One-third of the patients will be given Celebrex; one-third Motrin, or ibuprofen; and one-third will receive Aleve or Naprosyn, both brand names for naproxen. The study will end when about 700 of the patients have died or had a heart attack or stroke, thenumber expected in such a high-risk group even without painkiller treatment.
(12/14/05)- After deliberating for a total of about 18 hours on Thursday, Friday and Saturday, the jurors in the Irvin case, which was the first case to go to a federal trial on the Merck-Vioxx matter could not reach a unanimous verdict. Unlike state court civil trials, federal civil court trials require a unanimous verdict. The nine-member panel had voted 8-1 in favor or Merck, after an initial vote of 7-2 in favor of Merck. The judge therefore declared a mistrial, and will set a date for a retrial to take place early in 2006
U.S. District Court Judge Eldon E. Fallon of the Eastern District of Louisiana, who presided over the two week trial in Houston will set a new trial date sometime in February, at which time the New Orleans court system is expected to be fully operational. As of September 30, there were about 2,900 federal lawsuits pending. Judge Fallon will set additional trial dates for some of the other cases in February, March and April.
Carol E. Hughes, the New Jersey state court judge overseeing the Vioxx trials in that state has asked both sides to prepare to try two lawsuits in a consolidated trial that is expected to start February 27, a proposal that Merck opposes. The next trials in New Jersey will involve plaintiffs who had been taking Vioxx for longer than 18 months.
(12/10/05)- U.S. District Court Judge Eldon E. Fallon of the Eastern District of Louisiana has delivered on his promise to have the Irvin case jury decide the case within two weeks after the trial began. The court, which is sitting in Houston, because of the flood from hurricane Katrina, had a curve ball thrown at it by the plaintiff's lawyers, in the form a motion to declare a mistrial that may delay the decision.
The reason for the motion arose as a result of an editorial in the New England Journal of Medicine entitled "Expression of Concern". The editorial cited "inaccuracies and deletions" in Merck's Vigor study the results of which were published in the Journal in November 2000. Although the study stated that 17 patients who were taking Vioxx had heart attacks, in fact 20 patients had heart attacks. Merck claimed that these 3 heart attacks occurred after the study had ended, but the Journal asserted that this was untrue.
The Vigor study began in early 1999 and was paid for by Merck. The study was intended to look at gastrointestinal problems such as internal bleeding and ulcers that arose as a result of taking this Cox-II medication compared to the painkiller naproxen, which is sold under the brand name of Aleve. The study was not officially designed to look at the issue of heart attack comparisons, but only 4 of the naproxen patients suffered heart events compared to the 17 Vioxx users who suffered heart attacks.
Gregory Curfman, executive editor of the Journal said that all three of the new cases came from the group of supposed lower cardiac risk patients. Merck said that the data about the heart attacks was provided to the FDA, presented to an FDA advisory panel, disclosed to physicians, and included in news releases later issued by the company. Merck further asserted that the three additional heart attacks "did not materially change" the conclusions of the study.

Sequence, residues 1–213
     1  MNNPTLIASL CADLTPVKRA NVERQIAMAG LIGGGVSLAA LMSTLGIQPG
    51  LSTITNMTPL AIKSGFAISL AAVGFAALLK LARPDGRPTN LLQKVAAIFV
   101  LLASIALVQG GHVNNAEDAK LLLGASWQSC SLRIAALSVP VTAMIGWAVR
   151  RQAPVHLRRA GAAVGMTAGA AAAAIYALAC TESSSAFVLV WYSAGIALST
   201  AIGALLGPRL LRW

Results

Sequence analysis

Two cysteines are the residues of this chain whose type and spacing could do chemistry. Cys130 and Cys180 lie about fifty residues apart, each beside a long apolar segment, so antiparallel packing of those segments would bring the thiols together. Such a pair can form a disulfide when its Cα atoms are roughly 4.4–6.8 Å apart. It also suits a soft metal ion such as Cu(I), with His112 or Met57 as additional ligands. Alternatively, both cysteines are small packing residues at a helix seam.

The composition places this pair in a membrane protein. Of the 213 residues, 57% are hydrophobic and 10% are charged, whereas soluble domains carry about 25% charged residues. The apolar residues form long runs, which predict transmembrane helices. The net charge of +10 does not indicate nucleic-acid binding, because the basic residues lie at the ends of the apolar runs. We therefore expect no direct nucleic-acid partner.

The jury of five men and four women will have to answer 12 questions about the roles of Merck, the son-in-law emergency room doctor who prescribed the Vioxx to Mr. Irvin, the physical condition of Mr. Irvin himself and the dangers posed by the medication. If Merck is found liable, jurors will have to consider what would be fair compensation to Mr. Irvin's children and widow for the suffering and the loss of his income and companionship.
(12/8/05)- U.S. District Court Judge Eldon E. Fallon of the Eastern District of Louisiana, who is presiding over the "third" Vioxx trial in Houston, Texas has ruled that the plaintiff in the case can introduce evidence showing that Merck knew of the short term risks involved with the usage of Vioxx as well as the longer term usage of the drug. This is the first Vioxx trial being held in the federal court, since both earlier trials involved the state court of Texas and New Jersey. The case has been moved to Houston because of the flood that resulted from hurricane Katrina in New Orleans.
Earlier evidence has shown that usage of Vioxx over an 18 months period of time increased the risk of heart attacks and strokes. In the Houston case lawyers for Evelyn Irvin Plunkett will argue that Merck is responsible for the death of her then husband Richard Irvin, even though he used the drug only for 24 days before his death.
Judge Fallon denied Merck's request at a pretrial hearing to limit testimony about Vioxx's short-term risks. Plaintiff's attorneys plan to introduce evidence showing that Merck knew of the short term risk of the drug through internal memos from its own scientific staff. By his ruling, in effect it means that all the pending federal cases can introduce evidence of the short term risk of Vioxx, as well as its longer term risk.
If Merck were to lose the so called "stronger cases" involving short term risk of the drug, the company would be in a much weakened position in defending itself against the longer term usage cases. If they win the short term cases, it does not improve their chance of winning the longer term usage cases.